The construction of the biophilic violin picture frame was very successful. There are more design elements that will be added in the future; however, due to the constraints of the due date, I was not able to implement all of them The process shifted since the last post into a 4-step construction process
Step 1: Taking apart the violin
As mentioned in previous post, this consisted of removing the front plate by breaking the glue seal. This process used less than ideal tools however resulted in great results.
After the front plate and fingerboard were removed, this allowed for me to gather measurements of the base to understand the curvature of the backside
Step 2: Internal structure
Also mentioned before the internal structure of the required fine measurements and woodworking. Using the measurements that were taken in the previous steps, this allowed for the basic shapes of the wood that would be used for the internal structure. With some trial by fitting, I was able to sand these pieces so that they would be flush with the curvature of the violin. This worked very well.
The internal structure makes room 3 pictures frames as well as room for plants around the edges. Despite being measured to fit perfectly, wood glue is used to make sure that the pieces stay extra secured.
Step 3: Wood treatment
Fortunately, I was able to use some Flex-seal that my neighbors were about to throw away. Being able to treat the wood allows for being able to have plants that require extra water. This was the longest process because of the drying time needed.
This process required several coats. The Flex-seal is very much affected by gravity. Because of this, I would change the orientation of the violin so that all of the sides would get an equal coating.
Step 4: Planting and pictures
For this step, I did not gather moss as planned because it is not the right season. Instead, I went to the plant store and got flowers, nerve plants, and ground foliage. I made sure that these plants could be planted together because they have very similar lighting and water requirements. I took these plants and slowly put them into the edges of the violin. There wasn’t too much room and required extra time in order to properly get the roots in the right orientation so that the replanting recovery would not be severe.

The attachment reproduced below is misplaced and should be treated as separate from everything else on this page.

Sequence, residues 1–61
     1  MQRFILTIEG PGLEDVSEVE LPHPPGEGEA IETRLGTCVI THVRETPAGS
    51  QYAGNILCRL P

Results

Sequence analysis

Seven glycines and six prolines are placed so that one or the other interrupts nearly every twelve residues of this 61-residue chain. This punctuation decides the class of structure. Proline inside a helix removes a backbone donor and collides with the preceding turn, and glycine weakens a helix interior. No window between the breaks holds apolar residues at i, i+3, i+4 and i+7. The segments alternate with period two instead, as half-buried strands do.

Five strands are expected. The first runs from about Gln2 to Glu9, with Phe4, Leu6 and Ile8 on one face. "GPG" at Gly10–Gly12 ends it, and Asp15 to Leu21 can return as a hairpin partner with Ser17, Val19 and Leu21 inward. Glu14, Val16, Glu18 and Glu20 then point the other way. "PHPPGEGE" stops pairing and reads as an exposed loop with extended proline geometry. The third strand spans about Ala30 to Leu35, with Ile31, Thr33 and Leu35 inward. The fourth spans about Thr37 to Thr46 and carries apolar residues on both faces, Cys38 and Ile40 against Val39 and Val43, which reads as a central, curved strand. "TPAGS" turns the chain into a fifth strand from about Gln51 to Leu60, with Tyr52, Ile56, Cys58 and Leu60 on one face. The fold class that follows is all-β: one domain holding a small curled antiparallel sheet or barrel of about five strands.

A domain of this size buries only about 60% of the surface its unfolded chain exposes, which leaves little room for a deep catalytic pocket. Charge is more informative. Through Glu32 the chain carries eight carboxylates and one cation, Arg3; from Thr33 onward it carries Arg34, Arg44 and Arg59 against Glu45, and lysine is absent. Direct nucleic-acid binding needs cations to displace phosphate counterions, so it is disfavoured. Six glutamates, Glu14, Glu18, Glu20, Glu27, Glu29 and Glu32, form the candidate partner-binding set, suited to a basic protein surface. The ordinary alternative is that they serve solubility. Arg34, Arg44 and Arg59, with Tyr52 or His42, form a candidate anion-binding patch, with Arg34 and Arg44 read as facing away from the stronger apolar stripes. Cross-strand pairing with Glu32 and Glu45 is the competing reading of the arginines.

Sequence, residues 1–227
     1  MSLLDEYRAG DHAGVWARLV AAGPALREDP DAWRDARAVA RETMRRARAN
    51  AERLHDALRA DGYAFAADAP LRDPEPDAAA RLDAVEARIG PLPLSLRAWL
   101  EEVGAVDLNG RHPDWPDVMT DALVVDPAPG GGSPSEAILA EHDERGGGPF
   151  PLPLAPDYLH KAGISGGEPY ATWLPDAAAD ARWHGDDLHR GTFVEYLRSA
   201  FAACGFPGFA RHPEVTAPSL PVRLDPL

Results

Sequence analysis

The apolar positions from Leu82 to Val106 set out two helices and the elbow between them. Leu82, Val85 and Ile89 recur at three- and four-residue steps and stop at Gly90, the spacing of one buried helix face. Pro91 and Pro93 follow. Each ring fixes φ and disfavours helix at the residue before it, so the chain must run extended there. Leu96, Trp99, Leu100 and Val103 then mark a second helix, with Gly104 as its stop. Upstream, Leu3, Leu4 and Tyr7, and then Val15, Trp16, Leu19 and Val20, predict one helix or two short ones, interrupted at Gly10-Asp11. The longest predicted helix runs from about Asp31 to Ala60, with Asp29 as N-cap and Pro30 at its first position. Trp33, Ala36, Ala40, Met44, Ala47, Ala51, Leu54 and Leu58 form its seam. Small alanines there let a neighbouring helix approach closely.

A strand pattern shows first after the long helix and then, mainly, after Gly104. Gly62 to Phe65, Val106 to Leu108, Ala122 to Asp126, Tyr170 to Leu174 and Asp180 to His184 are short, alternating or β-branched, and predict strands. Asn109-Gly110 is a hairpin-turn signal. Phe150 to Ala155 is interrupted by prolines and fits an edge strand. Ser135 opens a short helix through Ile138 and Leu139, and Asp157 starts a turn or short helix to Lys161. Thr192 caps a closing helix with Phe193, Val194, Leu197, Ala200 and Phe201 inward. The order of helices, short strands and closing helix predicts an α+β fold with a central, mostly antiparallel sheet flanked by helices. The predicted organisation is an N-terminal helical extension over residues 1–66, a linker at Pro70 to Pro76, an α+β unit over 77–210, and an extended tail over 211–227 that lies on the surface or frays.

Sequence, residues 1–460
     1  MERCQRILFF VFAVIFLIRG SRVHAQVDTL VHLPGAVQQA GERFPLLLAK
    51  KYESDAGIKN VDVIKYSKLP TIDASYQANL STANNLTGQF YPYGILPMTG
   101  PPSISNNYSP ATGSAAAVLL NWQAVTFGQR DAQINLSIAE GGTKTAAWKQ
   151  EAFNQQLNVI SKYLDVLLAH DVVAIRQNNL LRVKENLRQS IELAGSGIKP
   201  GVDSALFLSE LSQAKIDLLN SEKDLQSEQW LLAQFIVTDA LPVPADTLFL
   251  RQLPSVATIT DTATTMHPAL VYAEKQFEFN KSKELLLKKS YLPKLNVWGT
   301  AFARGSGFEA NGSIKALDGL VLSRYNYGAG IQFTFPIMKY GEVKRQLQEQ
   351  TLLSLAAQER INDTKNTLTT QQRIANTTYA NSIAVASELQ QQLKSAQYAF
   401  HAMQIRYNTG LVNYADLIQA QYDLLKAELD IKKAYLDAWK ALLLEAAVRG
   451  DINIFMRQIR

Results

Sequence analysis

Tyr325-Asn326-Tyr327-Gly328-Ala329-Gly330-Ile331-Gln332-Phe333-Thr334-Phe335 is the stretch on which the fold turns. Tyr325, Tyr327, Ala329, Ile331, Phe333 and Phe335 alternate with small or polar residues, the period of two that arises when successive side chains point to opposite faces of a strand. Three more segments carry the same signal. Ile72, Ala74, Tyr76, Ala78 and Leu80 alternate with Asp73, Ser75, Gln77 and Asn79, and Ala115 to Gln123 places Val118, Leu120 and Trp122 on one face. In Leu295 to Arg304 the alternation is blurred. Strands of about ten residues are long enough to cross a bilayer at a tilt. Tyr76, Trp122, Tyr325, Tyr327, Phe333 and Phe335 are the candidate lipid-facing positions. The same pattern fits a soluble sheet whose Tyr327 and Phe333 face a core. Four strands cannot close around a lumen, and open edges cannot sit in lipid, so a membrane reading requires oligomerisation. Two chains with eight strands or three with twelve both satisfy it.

In the future, the middle picture will be an embroidered heart with extra aesthetic design. Another addition would be to have little glass panels that would be able to cover the pictures and future embroidery (this would allow easier watering without risking the pictures. The final addition would be to create a functional violin stand with upcycled materials.
Inspiration vs Final:
Upcycled Materials Sourced:
Violin – Old & broken violin that I bought awhile ago with the intention of learning how to restore a violin (from ebay)
Internal Wood – This wood was left over laser cut wood from my mechatronics class last semester
Flex-Seal – This was old leftover flexseal from a project that my neighbor was making. I asked if I could use up the rest of it and he let me have it
Plants – These were bought at the plant store (not upcycled)
Pictures – These were printed at walgreens (Also not upcycled)
I planted these plants in order to meet the deadline. When the plants were at their most vulnerable planting, Boulder was hit by a really harsh cold snap. All of the plants (except the flowers) died. This lead me to do a second round and realize that the dirt is able to dry really quickly. Because of this I decided to use moss after all. I collected a lot of moss from some hikes and planted it in the violin. This moss will be more ideal because it will be able to trap more moisture into the violin. The flowers currently look a little rough however I think that they will be able to bounce back from the transplant + storm